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No. 3.]



MEMOIRS OF BARNABY NIXON, Late of Virginia, deceased; with Extracts from his manuscript writings.


Our worthy friend, Barnaby Nixon, left at his death a collection of memorandums relating to some transactions of his life, together with sentiments and reflections on religious subjects. From these memoranda the following extracts have been taken: and although to select and prepare them for publication, has been a work attended with some pains and difficulty, it has also been accompanied with the belief, that they may contribute to the satisfaction and improvement of religious minds. With this sole view. they are now offered to the public; in doing which, it may be proper to observe, that the author possessed but a slender education; and as his manner of expression is generally preserved, the language is frequently incorrect, as respects grammatical propriety. The transitions from one subject to another, are, in many instances, sudden: but this, from the nature of the compilation, appeared to be unavoidable.— Sometimes, however, connecting or explanatory sentences have been introduced by the compiler, and sometimes summary accounts of particular passages of the author's life.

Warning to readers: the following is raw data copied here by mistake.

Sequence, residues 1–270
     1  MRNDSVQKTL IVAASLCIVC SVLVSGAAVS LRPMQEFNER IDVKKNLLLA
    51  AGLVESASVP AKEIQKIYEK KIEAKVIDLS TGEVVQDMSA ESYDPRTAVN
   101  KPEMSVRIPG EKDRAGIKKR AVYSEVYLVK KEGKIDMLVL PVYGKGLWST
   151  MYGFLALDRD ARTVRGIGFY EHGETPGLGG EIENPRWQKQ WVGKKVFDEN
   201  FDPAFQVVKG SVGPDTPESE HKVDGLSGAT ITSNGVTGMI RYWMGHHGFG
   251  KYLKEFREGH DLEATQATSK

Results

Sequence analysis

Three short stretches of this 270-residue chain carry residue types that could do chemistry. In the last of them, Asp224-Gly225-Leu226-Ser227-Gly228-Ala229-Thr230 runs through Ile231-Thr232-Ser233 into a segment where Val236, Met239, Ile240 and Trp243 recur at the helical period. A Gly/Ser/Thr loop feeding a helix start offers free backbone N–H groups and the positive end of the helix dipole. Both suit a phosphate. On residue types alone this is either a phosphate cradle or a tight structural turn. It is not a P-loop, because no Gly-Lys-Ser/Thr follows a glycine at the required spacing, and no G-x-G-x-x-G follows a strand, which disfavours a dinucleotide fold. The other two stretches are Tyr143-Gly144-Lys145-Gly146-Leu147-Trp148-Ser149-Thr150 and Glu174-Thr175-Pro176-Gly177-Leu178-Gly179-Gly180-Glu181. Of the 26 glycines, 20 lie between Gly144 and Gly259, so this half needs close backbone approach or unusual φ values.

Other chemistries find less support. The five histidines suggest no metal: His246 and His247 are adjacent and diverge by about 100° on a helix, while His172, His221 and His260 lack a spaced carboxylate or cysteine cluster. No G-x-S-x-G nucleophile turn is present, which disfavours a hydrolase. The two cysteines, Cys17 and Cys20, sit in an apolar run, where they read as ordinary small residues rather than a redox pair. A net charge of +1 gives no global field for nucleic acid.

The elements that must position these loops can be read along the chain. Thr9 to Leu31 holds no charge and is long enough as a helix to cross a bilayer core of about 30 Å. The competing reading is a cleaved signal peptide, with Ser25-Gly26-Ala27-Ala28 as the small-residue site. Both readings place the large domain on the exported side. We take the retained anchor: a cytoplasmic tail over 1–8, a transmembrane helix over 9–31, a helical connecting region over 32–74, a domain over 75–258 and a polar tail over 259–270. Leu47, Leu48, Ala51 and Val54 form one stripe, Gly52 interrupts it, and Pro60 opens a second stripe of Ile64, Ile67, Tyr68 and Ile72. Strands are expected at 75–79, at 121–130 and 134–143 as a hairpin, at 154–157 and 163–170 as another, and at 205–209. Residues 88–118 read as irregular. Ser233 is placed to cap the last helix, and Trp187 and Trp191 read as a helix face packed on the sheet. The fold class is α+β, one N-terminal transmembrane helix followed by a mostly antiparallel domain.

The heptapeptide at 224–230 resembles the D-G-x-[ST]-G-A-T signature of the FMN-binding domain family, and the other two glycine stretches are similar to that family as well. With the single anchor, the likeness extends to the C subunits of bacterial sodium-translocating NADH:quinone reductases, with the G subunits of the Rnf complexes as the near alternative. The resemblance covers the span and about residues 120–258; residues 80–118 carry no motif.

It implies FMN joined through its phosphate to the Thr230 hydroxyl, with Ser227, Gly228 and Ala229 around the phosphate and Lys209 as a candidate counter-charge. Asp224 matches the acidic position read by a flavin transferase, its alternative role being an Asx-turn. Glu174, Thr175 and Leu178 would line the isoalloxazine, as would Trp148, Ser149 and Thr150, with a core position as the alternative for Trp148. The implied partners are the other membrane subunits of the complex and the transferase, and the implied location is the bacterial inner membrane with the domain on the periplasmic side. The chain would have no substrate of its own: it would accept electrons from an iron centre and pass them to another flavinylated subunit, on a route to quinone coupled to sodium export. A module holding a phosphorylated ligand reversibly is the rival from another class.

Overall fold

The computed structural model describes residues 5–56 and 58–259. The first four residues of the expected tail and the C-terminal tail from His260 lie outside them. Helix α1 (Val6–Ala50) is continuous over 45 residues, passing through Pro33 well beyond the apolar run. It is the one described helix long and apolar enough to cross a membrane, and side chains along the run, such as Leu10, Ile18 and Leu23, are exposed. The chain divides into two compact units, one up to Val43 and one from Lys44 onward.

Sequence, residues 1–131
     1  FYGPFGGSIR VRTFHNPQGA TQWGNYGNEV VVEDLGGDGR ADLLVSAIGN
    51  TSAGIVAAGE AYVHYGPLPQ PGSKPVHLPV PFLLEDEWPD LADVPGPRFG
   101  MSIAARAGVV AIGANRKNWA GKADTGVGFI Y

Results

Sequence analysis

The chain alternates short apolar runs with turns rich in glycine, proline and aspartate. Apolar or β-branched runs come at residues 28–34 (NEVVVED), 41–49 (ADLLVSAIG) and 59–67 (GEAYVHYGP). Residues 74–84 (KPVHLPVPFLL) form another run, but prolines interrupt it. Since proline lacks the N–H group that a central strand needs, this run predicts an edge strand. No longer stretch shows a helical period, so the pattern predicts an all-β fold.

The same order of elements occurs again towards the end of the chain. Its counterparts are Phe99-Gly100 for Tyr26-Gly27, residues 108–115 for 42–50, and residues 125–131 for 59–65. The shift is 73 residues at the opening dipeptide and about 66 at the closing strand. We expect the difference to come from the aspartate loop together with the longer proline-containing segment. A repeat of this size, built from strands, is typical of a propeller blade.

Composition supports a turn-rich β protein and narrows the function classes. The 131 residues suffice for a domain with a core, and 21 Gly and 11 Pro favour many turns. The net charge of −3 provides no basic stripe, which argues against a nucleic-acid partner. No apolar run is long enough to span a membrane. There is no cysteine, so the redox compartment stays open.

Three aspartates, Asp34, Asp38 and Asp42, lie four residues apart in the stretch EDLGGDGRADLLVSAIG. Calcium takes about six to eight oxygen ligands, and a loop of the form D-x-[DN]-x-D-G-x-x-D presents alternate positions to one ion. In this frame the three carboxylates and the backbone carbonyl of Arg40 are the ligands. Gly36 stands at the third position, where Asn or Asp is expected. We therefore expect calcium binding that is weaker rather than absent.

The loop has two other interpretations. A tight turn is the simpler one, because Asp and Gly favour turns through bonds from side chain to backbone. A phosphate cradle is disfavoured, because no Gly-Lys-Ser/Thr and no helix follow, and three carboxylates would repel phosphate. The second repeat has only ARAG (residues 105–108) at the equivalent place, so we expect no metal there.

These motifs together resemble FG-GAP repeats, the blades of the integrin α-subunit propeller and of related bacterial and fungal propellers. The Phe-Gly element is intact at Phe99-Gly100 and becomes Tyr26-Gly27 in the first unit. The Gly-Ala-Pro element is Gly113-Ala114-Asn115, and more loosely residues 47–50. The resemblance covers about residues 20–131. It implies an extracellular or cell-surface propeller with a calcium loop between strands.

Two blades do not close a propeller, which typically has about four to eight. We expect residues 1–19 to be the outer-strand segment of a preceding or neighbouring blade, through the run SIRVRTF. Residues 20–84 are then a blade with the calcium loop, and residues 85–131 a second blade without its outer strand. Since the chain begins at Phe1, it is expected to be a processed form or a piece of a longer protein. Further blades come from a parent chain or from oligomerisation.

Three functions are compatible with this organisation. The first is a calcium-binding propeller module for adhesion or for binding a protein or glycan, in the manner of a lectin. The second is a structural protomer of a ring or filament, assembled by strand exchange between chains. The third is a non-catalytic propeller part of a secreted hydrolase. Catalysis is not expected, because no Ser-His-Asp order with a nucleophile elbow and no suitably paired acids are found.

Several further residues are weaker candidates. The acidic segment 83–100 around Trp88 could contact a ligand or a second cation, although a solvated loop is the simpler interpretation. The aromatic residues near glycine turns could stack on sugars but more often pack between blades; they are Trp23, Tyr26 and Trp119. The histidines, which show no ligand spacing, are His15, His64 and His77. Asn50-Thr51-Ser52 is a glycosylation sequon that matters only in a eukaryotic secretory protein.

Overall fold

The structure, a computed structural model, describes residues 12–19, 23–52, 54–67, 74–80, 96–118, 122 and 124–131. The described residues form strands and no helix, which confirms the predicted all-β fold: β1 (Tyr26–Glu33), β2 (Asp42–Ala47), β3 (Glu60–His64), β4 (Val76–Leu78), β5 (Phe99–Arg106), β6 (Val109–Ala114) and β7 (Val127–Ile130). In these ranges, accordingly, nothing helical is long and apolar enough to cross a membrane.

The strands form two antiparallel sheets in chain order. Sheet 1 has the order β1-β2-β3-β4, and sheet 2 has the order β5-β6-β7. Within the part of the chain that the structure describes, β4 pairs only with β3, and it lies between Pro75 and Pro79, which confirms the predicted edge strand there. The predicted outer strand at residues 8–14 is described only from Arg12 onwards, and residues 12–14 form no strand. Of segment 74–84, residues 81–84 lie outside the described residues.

With respect to the life and character of this friend, it may not be improper to inform the reader, that he was born about the 1st month, 1752. His parents were Phineas and Mary Nixon, of Perquimons county, North Carolina; who, in the management of their children, were careful to restrain them from evil.